Research
MIT RESEARCHERS DEVELOP NEW ELECTROCHEMICAL METHOD TO CLEAR POLLUTANTS FROM WATER
Chandler, D.L., MIT News Office, 10 May 2017

A novel system developed at MIT relies on an electrochemical process for selective removal of organic contaminants (e.g., pesticides, chemical waste products, pharmaceuticals) as the water flows between chemically treated or "functionalized" surfaces that serve as positive and negative electrodes. The electrode surfaces are coated with Faradaic materials, which can undergo reactions to become positively or negatively charged. These active groups can be tuned to bind strongly with a specific type of pollutant molecule at ppm concentrations. Previous studies usually focused on conductive electrodes or functionalized plates on just one electrode, but these can reach high voltages that produce contaminating compounds. By using appropriately functionalized electrodes on both the positive and negative sides in an asymmetric configuration, the researchers almost completely eliminated the side reactions. The asymmetric systems also allow for simultaneous selective removal of both positive and negative toxic ions, as the team demonstrated with the herbicides paraquat and quinchlorac. http://news.mit.edu/2017/electrochemical-clear-pollutants-water-0510 The new approach is described in a 2017 paper by X. Su et al. in Energy & Environmental Science.


CORRELATION BETWEEN DNAPL DISTRIBUTION AREA AND DISSOLVED CONCENTRATION IN SURFACTANT ENHANCED AQUIFER REMEDIATION EFFLUENT: A TWO-DIMENSIONAL FLOW CELL STUDY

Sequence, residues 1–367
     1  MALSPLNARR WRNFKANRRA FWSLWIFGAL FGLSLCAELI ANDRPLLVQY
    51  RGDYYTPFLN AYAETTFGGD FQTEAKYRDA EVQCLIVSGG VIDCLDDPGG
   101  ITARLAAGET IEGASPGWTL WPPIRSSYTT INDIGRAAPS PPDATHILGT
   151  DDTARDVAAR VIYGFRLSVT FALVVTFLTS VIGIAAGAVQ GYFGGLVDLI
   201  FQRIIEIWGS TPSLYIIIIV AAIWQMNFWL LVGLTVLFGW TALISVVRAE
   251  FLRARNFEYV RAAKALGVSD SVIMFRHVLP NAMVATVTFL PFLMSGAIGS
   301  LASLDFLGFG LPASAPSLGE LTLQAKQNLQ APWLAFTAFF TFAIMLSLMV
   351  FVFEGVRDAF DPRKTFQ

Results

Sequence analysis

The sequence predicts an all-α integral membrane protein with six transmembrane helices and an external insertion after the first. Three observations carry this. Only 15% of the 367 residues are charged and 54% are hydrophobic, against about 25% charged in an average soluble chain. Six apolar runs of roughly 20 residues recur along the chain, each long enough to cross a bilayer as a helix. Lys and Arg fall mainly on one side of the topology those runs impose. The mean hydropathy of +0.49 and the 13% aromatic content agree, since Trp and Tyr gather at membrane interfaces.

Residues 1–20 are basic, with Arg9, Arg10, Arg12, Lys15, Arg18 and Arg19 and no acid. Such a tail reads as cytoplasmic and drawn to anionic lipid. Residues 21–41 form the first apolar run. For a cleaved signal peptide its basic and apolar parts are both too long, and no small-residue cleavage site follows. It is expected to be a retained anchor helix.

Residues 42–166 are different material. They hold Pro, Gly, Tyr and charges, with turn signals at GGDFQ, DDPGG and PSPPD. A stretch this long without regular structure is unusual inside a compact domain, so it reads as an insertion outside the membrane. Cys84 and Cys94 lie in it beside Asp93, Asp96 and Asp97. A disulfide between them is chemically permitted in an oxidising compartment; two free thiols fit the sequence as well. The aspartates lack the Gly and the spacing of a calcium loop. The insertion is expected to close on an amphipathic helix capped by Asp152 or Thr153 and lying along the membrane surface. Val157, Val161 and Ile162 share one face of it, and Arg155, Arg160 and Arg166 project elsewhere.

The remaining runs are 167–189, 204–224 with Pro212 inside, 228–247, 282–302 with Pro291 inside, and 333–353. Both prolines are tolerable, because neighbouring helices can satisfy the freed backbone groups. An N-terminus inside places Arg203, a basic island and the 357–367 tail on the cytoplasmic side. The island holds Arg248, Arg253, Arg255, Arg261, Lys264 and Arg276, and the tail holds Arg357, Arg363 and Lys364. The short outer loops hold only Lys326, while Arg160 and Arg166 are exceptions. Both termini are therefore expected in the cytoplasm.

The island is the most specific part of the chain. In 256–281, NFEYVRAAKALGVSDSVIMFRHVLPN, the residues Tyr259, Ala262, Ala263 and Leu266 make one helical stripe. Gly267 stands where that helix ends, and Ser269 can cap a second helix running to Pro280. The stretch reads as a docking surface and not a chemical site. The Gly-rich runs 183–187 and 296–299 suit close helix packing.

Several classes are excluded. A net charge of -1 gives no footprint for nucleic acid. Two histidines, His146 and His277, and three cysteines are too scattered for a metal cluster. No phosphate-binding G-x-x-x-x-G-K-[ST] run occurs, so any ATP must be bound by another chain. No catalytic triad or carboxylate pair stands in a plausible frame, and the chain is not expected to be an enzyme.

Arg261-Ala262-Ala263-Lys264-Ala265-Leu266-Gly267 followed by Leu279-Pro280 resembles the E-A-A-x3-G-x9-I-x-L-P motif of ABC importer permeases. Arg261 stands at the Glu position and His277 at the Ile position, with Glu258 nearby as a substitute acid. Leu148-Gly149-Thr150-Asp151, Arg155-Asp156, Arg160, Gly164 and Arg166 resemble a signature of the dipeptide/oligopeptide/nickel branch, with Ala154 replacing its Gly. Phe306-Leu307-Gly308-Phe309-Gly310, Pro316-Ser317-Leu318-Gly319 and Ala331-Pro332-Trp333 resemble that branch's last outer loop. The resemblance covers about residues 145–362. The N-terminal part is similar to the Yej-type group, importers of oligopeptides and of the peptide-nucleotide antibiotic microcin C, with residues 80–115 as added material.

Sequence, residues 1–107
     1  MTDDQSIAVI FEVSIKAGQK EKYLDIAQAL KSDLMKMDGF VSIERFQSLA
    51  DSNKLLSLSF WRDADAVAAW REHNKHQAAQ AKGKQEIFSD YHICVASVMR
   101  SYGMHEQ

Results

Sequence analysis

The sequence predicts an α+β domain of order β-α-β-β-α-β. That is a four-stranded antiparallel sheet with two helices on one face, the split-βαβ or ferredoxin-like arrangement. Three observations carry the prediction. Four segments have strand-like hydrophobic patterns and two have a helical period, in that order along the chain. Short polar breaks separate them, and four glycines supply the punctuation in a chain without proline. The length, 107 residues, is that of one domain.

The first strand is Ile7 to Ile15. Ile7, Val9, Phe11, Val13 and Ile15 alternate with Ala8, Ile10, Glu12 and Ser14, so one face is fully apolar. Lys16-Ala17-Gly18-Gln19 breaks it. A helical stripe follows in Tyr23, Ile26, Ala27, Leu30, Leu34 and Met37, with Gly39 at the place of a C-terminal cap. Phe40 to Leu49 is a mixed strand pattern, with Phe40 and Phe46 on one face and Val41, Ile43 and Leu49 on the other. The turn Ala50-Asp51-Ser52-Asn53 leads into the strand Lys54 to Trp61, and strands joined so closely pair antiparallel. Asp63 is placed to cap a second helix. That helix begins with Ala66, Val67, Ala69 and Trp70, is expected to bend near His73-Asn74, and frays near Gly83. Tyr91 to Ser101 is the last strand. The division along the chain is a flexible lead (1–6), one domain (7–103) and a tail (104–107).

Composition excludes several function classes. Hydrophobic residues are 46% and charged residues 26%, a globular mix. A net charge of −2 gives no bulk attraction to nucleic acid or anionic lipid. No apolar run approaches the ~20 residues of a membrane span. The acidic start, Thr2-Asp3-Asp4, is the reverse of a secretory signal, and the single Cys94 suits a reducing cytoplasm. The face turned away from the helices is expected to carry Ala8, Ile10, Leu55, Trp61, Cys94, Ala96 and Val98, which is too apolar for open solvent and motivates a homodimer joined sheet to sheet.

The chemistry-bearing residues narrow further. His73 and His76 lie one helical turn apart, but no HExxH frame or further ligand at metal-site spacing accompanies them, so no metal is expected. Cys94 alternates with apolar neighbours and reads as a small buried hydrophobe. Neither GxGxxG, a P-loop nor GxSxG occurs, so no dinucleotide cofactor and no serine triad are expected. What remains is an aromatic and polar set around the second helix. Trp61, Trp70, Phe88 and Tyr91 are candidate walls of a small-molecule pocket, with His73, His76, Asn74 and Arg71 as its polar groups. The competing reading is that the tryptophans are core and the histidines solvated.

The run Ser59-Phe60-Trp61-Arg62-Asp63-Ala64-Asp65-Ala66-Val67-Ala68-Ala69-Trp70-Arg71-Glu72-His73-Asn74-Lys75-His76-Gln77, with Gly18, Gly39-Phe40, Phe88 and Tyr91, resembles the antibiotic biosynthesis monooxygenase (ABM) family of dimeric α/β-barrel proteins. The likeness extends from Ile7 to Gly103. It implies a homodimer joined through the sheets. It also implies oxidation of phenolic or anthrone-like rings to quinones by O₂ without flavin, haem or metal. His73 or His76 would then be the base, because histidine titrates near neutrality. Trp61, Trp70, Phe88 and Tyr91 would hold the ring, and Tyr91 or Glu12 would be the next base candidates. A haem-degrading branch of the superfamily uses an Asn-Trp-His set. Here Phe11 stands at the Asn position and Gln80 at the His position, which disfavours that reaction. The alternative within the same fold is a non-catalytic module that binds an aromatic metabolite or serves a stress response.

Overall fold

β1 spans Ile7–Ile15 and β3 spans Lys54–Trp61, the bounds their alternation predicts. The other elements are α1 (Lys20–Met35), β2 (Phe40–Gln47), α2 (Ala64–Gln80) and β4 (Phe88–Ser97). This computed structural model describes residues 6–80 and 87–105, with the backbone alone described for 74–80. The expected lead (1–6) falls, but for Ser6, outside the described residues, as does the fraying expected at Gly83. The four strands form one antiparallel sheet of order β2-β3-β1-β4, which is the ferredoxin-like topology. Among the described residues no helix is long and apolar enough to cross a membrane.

Wu, B., H. Li, X. Du, L. Zhong, B. Yang, P. Du, Q. Gu, and F. Li.
Chemosphere 144:2142-2149(2016)

During the process of surfactant-enhanced aquifer remediation (SEAR), free-phase DNAPL may be mobilized. To evaluate the correlation between DNAPL spreading and remediation efficiency, a 2-D sandbox apparatus was used to simulate the migration and dissolution process of 1,2-DCA DNAPL during SEAR. DNAPL distribution in the sandbox was determined by digital image analysis and correlated with effluent DNAPL concentration, which revealed that the effluent DNAPL concentration had significant positive linear correlation with the DNAPL distribution area, indicating that mobilization of DNAPL could improve remediation efficiency by enlarging total NAPL-water interfacial area for mass transfer. Meanwhile, vertical migration of 1,2-DCA was limited within the aquifer boundary in all experiments, suggesting that manipulation of injection parameters in SEAR could achieve optimal remediation efficiency while minimizing the risk of DNAPL vertical migration. The study provided a convenient visible and quantitative method for optimizing SEAR project parameters and a rapid approach for predicting the extent of DNAPL contaminant distribution based on dissolved DNAPL concentration in the extraction well.